WASHINGTON (NNS) -- Sailors aboard U.S. Navy ships soon will have new protective clothing for low voltage maintenance work, Naval Sea Systems Command (NAVSEA) announced, Jan 26.
A new type of coverall featuring flame resistant fabric and accompanying safety equipment will provide Sailors greater comfort and protection against arc flashes. Sailors will be able to use the coveralls like standard shipboard coveralls while conducting initial voltage verification checks, fuse removal, authorized energized work, or when an electrical circuit breaker is installed or removed.
"The new electrical safety coveralls are designed for initial voltage verification or approved work on energized equipment, and are designed to protect Sailors from inherent heat, excessive pressure," said Khosrow Moniri, NAVSEA electrical systems technical warrant holder.
Sailors can expect to use the coveralls and associated equipment such as a face shield by late spring, on board naval ships with electrical systems between 300 and 1,000 volts, such as Arleigh Burke destroyers.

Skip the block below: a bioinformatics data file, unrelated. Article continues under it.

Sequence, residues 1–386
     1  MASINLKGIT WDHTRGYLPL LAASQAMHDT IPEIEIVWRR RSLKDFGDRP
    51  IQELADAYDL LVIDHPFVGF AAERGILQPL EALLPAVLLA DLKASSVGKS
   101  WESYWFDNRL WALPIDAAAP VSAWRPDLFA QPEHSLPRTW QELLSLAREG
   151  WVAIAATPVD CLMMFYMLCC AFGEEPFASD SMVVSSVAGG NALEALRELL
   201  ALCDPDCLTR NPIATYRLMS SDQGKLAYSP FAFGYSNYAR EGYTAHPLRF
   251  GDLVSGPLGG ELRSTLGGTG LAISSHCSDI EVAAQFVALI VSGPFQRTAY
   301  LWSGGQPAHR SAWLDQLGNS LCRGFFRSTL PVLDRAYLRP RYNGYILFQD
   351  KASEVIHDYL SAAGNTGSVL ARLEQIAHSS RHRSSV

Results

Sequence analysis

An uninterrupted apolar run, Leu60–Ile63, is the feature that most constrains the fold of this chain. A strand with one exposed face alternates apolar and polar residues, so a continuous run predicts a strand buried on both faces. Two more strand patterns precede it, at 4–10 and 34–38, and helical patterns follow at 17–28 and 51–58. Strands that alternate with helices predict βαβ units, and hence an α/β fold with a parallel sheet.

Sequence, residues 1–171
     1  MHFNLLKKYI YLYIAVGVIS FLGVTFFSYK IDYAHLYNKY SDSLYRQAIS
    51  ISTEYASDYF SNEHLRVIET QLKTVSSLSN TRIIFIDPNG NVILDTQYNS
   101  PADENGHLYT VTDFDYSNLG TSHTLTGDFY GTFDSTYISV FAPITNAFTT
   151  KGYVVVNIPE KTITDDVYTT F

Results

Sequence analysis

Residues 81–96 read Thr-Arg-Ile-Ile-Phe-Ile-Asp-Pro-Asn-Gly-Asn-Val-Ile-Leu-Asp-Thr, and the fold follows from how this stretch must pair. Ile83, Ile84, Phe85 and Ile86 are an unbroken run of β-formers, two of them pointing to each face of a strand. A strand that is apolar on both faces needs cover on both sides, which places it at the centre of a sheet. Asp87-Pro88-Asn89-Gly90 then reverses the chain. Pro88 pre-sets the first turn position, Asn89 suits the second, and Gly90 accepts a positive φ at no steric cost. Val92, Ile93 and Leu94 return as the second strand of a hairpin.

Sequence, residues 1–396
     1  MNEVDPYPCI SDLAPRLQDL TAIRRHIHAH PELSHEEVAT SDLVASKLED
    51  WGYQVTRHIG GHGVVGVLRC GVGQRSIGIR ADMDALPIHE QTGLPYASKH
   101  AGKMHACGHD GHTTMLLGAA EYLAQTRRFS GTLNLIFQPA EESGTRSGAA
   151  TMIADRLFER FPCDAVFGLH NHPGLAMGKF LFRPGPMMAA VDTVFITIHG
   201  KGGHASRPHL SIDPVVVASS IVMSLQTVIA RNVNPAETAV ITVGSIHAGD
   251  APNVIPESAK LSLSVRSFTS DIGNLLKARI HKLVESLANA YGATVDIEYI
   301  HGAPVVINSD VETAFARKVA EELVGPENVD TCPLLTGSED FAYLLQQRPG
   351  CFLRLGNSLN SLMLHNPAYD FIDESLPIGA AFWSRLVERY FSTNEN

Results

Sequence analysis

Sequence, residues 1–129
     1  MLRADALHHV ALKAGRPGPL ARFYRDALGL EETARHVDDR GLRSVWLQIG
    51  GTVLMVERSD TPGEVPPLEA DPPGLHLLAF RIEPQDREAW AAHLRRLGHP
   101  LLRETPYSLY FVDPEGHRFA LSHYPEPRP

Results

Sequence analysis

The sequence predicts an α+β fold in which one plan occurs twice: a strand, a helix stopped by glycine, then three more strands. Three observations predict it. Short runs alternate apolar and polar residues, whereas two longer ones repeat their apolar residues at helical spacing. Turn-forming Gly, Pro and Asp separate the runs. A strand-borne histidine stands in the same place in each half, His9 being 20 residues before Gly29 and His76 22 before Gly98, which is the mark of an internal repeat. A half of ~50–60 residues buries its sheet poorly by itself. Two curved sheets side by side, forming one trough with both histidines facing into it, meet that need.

The clothing compliments existing heavier and bulkier coveralls designed for high voltage verification checks on board naval ships with electrical systems greater than 1,000 volts, such as aircraft carriers.
The low- and high-voltage coveralls are rated at 12-calorie and 40-calorie (per centimeter squared). NAVSEA determined that these ratings adequately provide the required amount of thermal energy protection based on National Fire Protection Association and U.S. naval warship design criteria. The calorie/cm-squared rating represents a value of the energy necessary to pass through any given fabric to cause a 50 percent probability of a second or third degree burn.
Both types of coveralls protect Sailors against arc flashes, which occur when an electrical current passes through air gaps between ungrounded conductors or between conductors and grounded components. Use of electrical systems on board U.S. Navy ships is increasing rapidly. Accordingly, the probability of arc flashes increases as well. The blast or explosion that results from arc flash may be fatal or cause major injuries such as burns, the loss of eyesight and hearing.
"While arc flashes don't happen often, this new safety equipment represents a significant advancement in how we protect our Sailors," said Moniri.